According to Wikipedia, Magnum is manufactured by the British/Dutch company Unilever, and has just debuted in the U.S. this year. Cheers! Whistles! Applause! Now go get your own box.

Monday, February 28, 2011

Peanut Butter Noodles

Because I spend so much time out of the house, I've started buying microwaveable meals to take to school. After trying a few varieties, I've settled on two reasonably priced brands from the organic aisle: McDougall's soups and Annie Chun's noodle bowls. My favorite noodle bowl flavor is Peanut Sesame, and this dish, combined with a vague memory of eating peanut butter noodles from a Chinese or Thai restaurant, inspired me to search for my own peanut butter noodle recipe.

I found an extremely well-reviewed recipe on AllRecipes and made it for lunch on Sunday. It was wonderful. I'll post the recipe below, from Amy Barthelemy, and then tell you my variations.

(Serves 4-5 people as a side, 3-4 as an entree.)

Peanut Butter Noodles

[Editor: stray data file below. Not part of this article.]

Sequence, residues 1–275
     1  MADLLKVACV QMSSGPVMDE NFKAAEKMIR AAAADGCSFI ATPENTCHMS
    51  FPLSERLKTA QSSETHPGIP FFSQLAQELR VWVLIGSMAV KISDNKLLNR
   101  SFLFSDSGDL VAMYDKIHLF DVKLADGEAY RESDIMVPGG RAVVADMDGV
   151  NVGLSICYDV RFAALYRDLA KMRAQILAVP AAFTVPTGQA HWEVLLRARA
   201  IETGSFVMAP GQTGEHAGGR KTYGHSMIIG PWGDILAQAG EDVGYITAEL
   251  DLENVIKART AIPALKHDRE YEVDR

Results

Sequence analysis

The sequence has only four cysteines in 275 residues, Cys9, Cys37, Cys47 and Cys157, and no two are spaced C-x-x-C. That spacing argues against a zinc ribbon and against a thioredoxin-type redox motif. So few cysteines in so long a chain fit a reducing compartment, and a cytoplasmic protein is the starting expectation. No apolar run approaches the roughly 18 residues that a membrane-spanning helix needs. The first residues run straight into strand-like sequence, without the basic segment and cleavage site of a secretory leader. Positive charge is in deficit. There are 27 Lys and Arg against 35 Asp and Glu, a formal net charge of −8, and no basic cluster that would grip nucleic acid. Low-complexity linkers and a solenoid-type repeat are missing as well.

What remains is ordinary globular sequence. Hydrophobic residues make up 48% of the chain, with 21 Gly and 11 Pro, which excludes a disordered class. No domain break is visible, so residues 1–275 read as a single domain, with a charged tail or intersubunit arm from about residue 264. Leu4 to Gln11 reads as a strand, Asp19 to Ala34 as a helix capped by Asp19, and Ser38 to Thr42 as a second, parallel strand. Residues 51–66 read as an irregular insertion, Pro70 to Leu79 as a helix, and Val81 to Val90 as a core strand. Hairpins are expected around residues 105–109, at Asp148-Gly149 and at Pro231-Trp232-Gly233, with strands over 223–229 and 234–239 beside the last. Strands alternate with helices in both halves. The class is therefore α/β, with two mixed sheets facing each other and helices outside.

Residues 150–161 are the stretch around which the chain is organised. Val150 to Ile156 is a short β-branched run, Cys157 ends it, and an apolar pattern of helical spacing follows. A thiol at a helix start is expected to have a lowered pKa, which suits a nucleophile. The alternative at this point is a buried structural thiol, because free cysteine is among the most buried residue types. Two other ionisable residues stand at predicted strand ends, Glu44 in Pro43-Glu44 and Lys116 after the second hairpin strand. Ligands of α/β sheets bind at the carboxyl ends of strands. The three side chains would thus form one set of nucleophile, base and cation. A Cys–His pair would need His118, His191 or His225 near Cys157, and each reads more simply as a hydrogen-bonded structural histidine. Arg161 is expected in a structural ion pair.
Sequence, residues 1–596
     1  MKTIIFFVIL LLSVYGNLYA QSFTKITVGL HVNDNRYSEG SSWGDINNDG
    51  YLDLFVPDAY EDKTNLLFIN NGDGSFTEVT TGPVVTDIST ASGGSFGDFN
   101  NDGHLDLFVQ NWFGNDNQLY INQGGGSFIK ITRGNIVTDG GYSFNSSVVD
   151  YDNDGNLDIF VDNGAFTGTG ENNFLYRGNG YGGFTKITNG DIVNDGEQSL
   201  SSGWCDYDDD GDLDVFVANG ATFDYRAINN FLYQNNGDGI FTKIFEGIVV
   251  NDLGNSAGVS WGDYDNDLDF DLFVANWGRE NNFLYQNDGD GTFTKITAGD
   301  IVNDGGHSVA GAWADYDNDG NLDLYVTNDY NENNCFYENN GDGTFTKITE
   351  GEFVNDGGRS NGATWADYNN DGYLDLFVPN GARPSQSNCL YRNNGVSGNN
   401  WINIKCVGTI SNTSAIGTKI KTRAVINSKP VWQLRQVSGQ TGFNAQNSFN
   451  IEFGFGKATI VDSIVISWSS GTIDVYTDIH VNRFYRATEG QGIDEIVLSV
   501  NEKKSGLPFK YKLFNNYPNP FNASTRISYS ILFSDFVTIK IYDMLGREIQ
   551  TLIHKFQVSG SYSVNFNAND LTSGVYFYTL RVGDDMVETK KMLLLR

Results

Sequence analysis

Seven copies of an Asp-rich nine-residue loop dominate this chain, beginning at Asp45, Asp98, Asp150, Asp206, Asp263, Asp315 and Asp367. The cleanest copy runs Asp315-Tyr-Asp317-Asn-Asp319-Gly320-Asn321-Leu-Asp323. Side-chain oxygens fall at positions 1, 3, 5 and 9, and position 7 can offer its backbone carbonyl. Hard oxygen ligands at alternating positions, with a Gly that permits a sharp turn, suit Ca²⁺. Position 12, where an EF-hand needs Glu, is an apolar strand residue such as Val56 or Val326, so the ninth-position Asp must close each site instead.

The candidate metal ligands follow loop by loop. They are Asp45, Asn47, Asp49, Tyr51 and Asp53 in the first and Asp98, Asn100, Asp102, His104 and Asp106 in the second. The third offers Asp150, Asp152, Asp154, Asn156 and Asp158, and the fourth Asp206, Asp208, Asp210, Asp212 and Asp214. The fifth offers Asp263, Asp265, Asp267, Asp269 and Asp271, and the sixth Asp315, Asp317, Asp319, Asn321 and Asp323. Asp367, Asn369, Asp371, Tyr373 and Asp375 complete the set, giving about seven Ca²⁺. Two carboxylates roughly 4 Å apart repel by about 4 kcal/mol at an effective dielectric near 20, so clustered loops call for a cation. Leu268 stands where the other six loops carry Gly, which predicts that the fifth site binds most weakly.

• 1/2 cup chicken broth
  • 1 1/2 tablespoons minced fresh ginger root
  • 3 tablespoons soy sauce
  • 3 tablespoons peanut butter
  • 1 1/2 tablespoons honey
  • 2 teaspoons hot chile paste (optional)
  • 3 cloves garlic, minced
  • 8 ounces Udon noodles
  • 1/4 cup chopped green onions
  • 1/4 cup chopped peanuts


  1. Bring a large pot of water to a boil. Add noodles and cook until tender according to package directions. Drain.
  2. Meanwhile, combine chicken broth, ginger, soy sauce, peanut butter, honey, chili paste, and garlic in a small saucepan. Cook over medium heat until peanut butter melts and is heated through. Add noodles, and toss to coat. Garnish with green onions and peanuts.

Crystal's Variations and Notes
This recipe is beautifully constructed, and I tweaked it a little when I shouldn't have. I wanted a robust peanut flavor, so I added an extra tablespoon of peanut butter to the sauce, but once I tasted the finished product, I realized it would have been fine without. I found only one brand of udon noodles at the grocery store, but they were perfect. I briefly considered not buying the chili paste (found in the sauce section of the Asian aisle), but I'm so glad I did. The two optional teaspoons in the recipe add just the right amount of spice, and you could easily kick it up with a few more teaspoons if you were so inclined. The chopped peanuts and diced green onions are an attractive garnish. To make this a complete meal, I sauteed some boneless, skinless chicken breasts with a little oil, soy sauce, ginger, and freshly ground sea salt and black pepper, and sliced and served them on top of the noodles. Heading out to warm some up for lunch instead of settling for Annie Chun's...